A 65-year-old woman presented at a hospital with an inferior-wall acute myocardial infarction (AMI). She was in cardiogenic shock with hypoxic respiratory failure. Emergency left-sided heart catheterization revealed an occluded right coronary artery. An intra-aortic balloon pump was placed, and she was transferred to our hospital.
Transesophageal echocardiograms (TEE) showed a completely ruptured head of the posteromedial papillary muscle (Fig. 1A), with severe secondary eccentric mitral regurgitation visible in color-flow (Fig. 1B) and continuous-wave Doppler (Fig. 1C) modes. The patient underwent emergency surgical mitral valve replacement with use of a 25-mm Carpentier-Edwards bioprosthesis (Edwards Lifesciences Corporation). She recovered and began short-term rehabilitation.
Papillary muscle rupture, a rare subacute complication of AMI, is fatal when untreated. Primary percutaneous coronary intervention has enabled its detection and reduced its mortality rate.1 Anterolateral papillary muscle rupture is rarer than posteromedial rupture. A dual blood supply from the left coronary artery and left circumflex coronary artery reduces the risk of sudden and complete occlusion to the anterior papillary muscle, thus reducing the risk of rupture. Delaying admission beyond 24 hours after AMI is an important risk factor in survival.2 Patients present with rapidly progressive cardiogenic shock and pulmonary edema. When rupture is suspected, TEE helps to confirm the diagnosis and to evaluate the extent of damage, especially when transthoracic echocardiography is inadequate.3,4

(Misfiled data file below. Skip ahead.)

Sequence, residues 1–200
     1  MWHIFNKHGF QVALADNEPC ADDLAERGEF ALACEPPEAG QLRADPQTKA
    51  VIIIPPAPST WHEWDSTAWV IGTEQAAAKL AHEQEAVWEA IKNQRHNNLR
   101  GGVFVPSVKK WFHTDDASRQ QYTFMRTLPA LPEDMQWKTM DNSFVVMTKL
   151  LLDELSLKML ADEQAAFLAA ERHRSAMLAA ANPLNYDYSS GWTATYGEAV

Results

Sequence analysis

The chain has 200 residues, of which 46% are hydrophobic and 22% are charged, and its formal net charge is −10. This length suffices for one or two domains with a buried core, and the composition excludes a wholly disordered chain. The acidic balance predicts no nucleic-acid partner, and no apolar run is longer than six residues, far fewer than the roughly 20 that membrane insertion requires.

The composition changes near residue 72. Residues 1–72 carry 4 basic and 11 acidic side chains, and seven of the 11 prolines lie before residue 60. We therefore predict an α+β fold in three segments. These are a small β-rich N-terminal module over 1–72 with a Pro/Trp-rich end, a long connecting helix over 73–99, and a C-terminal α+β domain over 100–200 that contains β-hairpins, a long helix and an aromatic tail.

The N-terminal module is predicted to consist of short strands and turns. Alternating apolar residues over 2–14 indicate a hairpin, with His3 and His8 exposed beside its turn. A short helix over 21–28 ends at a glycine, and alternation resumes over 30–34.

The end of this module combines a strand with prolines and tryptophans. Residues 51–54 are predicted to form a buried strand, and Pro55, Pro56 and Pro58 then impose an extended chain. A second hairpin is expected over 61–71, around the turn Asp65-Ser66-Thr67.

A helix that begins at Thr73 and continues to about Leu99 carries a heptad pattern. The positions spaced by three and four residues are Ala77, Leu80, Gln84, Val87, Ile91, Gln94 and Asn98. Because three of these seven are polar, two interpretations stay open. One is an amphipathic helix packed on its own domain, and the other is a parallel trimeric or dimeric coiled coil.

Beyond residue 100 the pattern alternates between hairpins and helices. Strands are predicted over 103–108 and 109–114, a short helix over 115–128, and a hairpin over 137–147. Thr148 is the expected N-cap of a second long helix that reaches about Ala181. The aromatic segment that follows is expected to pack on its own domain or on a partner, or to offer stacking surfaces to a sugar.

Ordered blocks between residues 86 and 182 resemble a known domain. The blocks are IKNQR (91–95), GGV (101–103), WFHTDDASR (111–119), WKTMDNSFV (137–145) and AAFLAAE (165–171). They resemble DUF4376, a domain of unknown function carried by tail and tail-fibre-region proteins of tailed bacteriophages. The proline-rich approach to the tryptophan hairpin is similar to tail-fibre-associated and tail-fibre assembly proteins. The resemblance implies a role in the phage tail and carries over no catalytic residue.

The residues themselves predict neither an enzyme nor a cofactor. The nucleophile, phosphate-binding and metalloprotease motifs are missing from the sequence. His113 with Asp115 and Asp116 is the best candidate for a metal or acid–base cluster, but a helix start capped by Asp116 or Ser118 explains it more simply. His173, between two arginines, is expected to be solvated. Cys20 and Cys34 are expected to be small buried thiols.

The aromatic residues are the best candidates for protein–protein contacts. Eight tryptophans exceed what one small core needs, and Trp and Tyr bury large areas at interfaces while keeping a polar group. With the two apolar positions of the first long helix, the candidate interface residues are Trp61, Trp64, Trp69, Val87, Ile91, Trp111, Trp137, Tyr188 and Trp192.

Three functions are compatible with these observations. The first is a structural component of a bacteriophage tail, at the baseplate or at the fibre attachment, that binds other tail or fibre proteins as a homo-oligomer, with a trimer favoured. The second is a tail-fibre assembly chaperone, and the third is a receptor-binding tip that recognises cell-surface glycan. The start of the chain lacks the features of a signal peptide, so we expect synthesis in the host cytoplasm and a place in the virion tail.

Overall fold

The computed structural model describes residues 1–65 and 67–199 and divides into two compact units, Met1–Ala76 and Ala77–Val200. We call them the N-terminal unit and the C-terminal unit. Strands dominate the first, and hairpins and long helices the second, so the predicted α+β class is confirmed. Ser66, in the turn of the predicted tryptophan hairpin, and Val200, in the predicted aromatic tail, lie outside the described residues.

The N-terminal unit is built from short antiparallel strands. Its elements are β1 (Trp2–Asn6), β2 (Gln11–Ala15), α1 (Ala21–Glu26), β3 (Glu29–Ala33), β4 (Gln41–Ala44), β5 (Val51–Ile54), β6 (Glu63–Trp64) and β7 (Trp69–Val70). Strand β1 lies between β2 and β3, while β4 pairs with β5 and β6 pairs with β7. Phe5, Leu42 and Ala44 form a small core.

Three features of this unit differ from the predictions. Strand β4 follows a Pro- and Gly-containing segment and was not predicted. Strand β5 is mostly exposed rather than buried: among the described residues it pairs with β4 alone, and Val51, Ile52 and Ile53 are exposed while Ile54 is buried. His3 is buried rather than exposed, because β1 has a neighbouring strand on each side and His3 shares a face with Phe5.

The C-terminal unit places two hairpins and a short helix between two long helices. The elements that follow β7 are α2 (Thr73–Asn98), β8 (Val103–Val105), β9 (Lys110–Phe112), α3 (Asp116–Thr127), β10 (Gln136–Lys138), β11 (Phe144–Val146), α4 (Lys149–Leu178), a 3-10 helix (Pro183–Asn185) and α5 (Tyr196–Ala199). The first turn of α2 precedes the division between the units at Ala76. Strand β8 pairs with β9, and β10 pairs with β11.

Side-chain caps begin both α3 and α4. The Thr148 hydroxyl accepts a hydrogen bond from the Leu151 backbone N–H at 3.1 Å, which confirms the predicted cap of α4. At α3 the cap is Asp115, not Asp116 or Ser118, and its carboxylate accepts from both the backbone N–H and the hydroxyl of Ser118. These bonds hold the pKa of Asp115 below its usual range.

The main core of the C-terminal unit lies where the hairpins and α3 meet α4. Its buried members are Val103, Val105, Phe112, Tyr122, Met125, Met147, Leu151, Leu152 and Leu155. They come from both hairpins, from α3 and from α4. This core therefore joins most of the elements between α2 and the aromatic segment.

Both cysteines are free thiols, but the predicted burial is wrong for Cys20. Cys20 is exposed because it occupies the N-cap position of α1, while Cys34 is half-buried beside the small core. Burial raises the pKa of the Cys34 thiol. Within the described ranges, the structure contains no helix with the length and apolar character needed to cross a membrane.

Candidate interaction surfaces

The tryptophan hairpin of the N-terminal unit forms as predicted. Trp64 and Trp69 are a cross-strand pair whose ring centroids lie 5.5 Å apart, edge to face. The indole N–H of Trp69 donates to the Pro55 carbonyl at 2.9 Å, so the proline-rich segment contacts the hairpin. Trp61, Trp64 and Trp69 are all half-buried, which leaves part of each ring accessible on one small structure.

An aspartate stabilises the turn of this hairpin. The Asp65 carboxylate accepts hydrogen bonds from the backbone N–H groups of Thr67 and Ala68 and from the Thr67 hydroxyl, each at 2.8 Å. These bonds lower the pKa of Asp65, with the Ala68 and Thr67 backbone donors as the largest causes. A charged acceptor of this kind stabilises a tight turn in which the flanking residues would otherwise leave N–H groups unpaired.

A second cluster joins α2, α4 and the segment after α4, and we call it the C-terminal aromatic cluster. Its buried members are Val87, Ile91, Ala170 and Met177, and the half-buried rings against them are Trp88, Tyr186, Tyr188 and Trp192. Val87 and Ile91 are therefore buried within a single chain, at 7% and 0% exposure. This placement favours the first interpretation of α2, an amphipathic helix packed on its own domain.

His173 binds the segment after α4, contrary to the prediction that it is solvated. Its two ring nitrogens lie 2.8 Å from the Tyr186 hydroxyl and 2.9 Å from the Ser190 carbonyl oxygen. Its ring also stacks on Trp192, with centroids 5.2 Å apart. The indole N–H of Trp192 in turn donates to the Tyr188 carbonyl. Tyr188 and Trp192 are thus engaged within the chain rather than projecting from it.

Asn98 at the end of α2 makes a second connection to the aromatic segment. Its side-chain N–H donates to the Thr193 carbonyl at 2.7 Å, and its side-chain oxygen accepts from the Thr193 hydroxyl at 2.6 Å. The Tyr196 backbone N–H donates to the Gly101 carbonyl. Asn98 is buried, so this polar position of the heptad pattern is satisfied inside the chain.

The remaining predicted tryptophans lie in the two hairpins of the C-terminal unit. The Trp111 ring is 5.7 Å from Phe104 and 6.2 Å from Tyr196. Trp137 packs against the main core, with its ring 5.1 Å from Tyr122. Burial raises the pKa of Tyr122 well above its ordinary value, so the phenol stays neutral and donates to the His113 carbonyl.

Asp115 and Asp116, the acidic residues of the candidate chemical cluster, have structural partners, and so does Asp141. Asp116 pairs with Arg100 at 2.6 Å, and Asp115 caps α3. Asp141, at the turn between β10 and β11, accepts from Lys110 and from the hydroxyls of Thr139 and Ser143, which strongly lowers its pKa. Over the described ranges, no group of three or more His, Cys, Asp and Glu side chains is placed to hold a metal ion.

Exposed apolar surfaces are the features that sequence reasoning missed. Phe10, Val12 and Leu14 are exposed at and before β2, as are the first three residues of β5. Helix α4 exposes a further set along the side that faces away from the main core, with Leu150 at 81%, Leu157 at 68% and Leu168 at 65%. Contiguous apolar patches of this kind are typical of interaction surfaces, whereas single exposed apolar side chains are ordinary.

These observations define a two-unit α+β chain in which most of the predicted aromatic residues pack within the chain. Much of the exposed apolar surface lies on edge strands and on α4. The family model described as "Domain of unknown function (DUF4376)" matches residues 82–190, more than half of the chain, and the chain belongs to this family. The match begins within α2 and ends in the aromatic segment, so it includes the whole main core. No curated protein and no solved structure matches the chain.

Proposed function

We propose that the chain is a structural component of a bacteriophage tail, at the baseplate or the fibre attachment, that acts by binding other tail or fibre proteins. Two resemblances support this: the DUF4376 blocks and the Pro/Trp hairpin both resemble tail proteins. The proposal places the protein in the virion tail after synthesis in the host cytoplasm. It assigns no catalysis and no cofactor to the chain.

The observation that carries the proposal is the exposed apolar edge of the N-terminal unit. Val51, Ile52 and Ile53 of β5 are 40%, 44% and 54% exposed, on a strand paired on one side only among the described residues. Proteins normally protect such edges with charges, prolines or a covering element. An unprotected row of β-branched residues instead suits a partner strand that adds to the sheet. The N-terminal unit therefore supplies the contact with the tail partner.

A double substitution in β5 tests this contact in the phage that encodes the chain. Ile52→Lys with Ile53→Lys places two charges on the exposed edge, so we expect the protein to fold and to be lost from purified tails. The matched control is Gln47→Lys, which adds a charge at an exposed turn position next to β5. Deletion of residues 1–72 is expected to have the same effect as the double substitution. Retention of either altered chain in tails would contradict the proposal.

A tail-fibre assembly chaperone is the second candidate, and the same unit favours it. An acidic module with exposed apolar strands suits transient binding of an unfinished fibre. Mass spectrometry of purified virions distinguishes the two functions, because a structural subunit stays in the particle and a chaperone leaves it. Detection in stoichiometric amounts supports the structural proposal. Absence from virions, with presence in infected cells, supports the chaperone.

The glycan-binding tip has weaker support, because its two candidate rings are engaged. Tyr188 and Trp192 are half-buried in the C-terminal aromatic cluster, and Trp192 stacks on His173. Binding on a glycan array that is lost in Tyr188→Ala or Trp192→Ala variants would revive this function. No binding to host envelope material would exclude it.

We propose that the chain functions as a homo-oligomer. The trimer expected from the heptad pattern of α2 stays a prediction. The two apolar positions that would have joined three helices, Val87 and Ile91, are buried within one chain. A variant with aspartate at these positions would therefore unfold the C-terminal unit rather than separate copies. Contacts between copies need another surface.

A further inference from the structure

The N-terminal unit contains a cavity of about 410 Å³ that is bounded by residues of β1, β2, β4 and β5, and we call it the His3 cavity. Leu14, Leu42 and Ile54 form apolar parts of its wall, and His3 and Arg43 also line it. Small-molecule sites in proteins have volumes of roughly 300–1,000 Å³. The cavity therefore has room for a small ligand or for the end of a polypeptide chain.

The posterior papillary muscle provides chordae to both mitral leaflets, and its rupture can be differentiated from a pure chordal rupture because both leaflets are affected. Emergency surgery is necessary after the patient's hemodynamic status is stabilized; mitral valve repair or replacement is definitive treatment.5 Prompt diagnosis and surgical intervention were crucial for successfully managing the acute papillary muscle rupture in our patient.
Section Editor: Raymond F. Stainback, MD